A while ago, I wrote a sitcom for Radio 4 set in Bletchley Park. It was only after I started writing it that I realised that the set-up of the three main characters was exactly the same as ITV's Only When I Laugh, which I used to watch growing. It's a working class man (James Bolam/Tom Goodman Hill) against a posh man (Peter Bowles/Robert Bathurst) with a peacemaker stuck in between (Christopher Strauli/Fergus Craig). Only When I Laugh was in a hospital. Hut 33 was in Bletchley Park during World War Two. This didn't bother me at all.

The fact is an idea will not open doors. A decent script might open a few. A really good script and a bag full of ideas might open some more over time. But there's a misapprehension that it's possible to come up with a silver bullet of an idea that guarantees success as a writer. It's a myth.

How to Succeed as a Writer
If you want to be a writer, you do need to come up with good ideas, sure, but then you need to show that you can write them. If your idea show promise, and your execution looks good, you need to show that you can write several episodes of that idea. And you need to be able to following through on that and be able to write.

Ultimately, there's no substitute for just bashing away at a script, and rewriting it, and then writing more and more. But if you need a bit of help, and you want to write comedy and sitcoms, consider coming to a day-long course with me and the highly experienced comedy writer Dave Cohen (sorry, another plug) on April 20th (for Radio Comedy) and/or 4th May (for TV Sitcom). More details here. I'm not promising we'll tell you everything there is to know, because nobody knows that, but we might be able to point you in the direction - and help you learn from our mistakes. Plus you might meet a kindred spirit and form a writing partnership. Or help you feel like you're not wasting your time. Maybe see you there.

Sunday 18 March 2012

Myths - #1 The Oxbridge Conspiracy

Recently, Sam Bain wrote an excellent article for the Guardian about the reality of being a writer with a show in production. It made me laugh out loud several times – and I particularly enjoyed the comparison of turning up to filming being rather like having to stand next a photocopier for seven weeks in case there's a massive paper jam.

Rather than discussions and questions about the nitty-gritty of turning a good script into a great TV show, the comments beneath the article made very depressing reading. Reactions ranged from “Oh, poor poor you, having to do this for a living” to “you only get to do this because you went to right school or university.” The debate descended into a sad discussion of paranoia that the comedy industry is a closed shop, and that the door has been firmly locked from the inside by people who went to Oxbridge. This is a myth, as I will argue shortly and briefly.

But in time I hope to address a number of myths that circulate about ‘breaking in’ to the industry. These myths have power firstly because there is a grain of truth in all of them, but secondly because they are easy scapegoats for failure. If you’ve written a script and no-one’s biting, it’s easier to blame a conspiracy than admit that the script isn’t much good.

This self-delusion takes place at all levels. Writers who don’t make a living from it believe one set of myths to explain why they’re not making a living from it. Writers who do make a living from it believe another set of myths to explain why they’re not making as much money as they’d like to from it. Wealthy writers believe another set a myths about why critics don’t like their work. The list goes on.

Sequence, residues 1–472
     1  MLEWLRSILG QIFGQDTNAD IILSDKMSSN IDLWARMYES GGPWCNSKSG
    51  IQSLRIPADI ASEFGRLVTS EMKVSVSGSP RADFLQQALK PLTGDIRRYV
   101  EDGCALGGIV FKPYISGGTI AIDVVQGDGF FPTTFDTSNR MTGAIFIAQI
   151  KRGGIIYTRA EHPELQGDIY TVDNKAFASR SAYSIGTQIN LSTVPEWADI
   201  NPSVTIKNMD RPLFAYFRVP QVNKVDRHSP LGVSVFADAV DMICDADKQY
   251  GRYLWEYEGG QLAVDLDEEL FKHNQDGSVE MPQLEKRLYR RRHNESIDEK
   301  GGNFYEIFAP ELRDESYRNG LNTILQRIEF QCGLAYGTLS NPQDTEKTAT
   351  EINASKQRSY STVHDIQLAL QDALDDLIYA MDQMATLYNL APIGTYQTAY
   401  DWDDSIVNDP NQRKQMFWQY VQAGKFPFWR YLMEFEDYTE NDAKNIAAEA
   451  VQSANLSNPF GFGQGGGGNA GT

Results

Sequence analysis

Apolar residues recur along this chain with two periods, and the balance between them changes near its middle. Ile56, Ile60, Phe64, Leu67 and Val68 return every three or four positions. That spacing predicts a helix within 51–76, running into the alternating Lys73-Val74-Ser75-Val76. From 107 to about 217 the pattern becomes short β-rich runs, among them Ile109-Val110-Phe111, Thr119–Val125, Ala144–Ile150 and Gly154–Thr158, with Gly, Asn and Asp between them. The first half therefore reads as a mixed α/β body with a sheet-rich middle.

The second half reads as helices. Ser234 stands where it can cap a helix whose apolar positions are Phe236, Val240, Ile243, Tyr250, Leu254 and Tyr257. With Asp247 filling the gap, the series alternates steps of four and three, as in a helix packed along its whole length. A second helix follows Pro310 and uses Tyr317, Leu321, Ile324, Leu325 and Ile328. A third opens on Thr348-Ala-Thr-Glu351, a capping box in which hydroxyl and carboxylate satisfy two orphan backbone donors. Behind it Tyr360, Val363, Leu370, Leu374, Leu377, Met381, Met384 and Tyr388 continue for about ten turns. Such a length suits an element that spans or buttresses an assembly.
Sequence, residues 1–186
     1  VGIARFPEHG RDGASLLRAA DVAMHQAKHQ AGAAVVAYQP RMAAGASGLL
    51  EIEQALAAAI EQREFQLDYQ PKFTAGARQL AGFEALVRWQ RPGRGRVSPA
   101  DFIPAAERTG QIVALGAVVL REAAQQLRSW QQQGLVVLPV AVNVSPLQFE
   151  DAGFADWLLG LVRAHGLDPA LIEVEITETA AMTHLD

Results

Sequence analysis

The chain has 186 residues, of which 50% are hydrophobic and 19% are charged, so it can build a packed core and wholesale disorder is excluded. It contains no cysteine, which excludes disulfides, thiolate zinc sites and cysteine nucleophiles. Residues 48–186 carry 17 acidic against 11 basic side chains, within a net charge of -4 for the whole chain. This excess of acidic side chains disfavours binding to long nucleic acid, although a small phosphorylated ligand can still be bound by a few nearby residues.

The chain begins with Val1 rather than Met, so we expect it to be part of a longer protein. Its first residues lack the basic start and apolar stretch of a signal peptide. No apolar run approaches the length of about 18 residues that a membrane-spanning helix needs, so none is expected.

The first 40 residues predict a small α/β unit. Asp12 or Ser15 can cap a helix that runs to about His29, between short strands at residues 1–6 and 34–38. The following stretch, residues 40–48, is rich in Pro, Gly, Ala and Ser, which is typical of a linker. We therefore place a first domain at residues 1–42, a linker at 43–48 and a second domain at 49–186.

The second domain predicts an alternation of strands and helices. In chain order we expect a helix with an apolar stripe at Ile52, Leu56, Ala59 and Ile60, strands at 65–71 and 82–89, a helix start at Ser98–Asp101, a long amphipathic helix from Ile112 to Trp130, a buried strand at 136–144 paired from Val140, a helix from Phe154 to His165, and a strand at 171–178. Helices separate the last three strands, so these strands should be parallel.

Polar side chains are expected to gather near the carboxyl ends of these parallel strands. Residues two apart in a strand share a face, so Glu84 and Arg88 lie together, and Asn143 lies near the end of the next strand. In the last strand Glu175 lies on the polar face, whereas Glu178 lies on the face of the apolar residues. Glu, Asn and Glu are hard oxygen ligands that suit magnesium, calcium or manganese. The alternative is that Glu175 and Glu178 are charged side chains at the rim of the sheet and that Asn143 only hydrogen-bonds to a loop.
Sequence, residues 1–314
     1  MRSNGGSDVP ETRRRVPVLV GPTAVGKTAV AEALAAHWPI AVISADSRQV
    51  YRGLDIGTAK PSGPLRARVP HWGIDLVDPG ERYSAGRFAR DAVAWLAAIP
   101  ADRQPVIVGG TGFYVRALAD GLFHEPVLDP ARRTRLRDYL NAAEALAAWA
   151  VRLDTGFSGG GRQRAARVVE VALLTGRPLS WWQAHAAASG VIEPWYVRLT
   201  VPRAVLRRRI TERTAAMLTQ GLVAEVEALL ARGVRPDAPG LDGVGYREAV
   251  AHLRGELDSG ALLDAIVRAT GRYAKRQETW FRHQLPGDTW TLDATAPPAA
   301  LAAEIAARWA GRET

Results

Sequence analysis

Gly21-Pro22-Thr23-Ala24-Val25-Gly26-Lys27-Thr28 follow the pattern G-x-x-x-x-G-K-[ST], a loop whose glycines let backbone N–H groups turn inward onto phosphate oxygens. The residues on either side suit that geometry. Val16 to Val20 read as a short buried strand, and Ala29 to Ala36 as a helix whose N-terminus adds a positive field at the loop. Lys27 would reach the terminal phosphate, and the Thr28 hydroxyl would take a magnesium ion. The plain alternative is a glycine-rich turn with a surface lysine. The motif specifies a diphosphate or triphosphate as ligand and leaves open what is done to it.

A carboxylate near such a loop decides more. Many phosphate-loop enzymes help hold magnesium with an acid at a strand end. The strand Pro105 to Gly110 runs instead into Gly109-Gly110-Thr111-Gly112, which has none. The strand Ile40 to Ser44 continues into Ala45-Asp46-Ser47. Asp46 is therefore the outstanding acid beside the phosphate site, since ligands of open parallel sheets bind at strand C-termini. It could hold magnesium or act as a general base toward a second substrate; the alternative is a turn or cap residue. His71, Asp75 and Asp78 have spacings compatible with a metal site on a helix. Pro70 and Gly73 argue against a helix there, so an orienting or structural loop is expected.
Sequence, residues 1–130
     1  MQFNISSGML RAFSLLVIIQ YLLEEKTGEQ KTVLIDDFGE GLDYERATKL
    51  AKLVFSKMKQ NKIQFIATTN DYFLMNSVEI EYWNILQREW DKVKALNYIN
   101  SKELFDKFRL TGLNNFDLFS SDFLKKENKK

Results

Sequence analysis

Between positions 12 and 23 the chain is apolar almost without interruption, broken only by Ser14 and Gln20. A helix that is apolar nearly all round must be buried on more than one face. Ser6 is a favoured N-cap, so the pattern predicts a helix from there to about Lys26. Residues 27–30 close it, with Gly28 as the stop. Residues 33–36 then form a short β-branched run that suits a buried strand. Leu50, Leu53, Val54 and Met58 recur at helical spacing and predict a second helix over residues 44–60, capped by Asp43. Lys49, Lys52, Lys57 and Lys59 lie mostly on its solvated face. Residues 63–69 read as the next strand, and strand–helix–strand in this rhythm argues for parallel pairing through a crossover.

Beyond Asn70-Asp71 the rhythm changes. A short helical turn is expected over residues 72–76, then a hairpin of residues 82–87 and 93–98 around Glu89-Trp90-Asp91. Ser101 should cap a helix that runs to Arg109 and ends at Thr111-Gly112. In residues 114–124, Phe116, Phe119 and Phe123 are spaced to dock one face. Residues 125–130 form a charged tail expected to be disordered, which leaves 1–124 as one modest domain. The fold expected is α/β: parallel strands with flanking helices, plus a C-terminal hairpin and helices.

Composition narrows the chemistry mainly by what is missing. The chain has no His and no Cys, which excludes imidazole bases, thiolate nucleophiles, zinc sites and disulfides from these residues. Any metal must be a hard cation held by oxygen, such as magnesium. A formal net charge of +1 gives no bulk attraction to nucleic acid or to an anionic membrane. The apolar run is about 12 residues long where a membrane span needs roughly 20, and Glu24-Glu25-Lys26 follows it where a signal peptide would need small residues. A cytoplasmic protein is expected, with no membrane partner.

So let’s take a look at these starting out myths beginning with:

Myth #1 It’s all about where you went to college
One can look at the Pythons, the Goodies, the Mary Whitehouse Experience and a long list of Oxbridge alumni and assume that your career is decided the day you’re rejected from Oxbridge. (I was rejected by Cambridge. At least twice. Seriously. And I applied because I wanted to be in The Footlights.) It’s easy to think that Oxbridgers not only have an advantage but rule the roost in comedy.

In my experience, my university education has made almost no difference to my career progression. I’ve had shows rejected down by production companies, BBC TV, BBC Radio, ITV and Channel 4 for some pretty spurious reasons. None of them were related to where I went to college. (I believe my own set of myths for these failures, one of which being that all executives are idiots, which simply isn’t true. Some are, maybe most, but not all. Besides exec idiocy isn’t always harmful and sometimes works in your favour).

The industry doesn’t favour Oxbridge-types. It favours good writers (and tolerates plenty of bad ones). The reason Oxbridge-types seem to be favoured is because good writers tend be fairly intelligent people who read a lot of books, try new things and encounter a wide spectrum of people – and learn to see the world from their point of view. This is simply university life.

I just said “my university education has made almost no difference to my career progression “. This is only half true. For three years, I did read lots of books, try news things (not that many to be honest), and encountered lots of different people. My horizons were broadened. But at university, I also met other people who wanted to do comedy and so we put on sketch shows and revues. We had mixed success, but learnt through success and failure. So by the time three of us did Edinburgh in 1999 as Infinite Number of Monkeys, it was our third Fringe, we had done about a hundred performances over the previous three years and were not totally clueless. And we were nominated for best ‘Newcomer’ and that opened a few doors.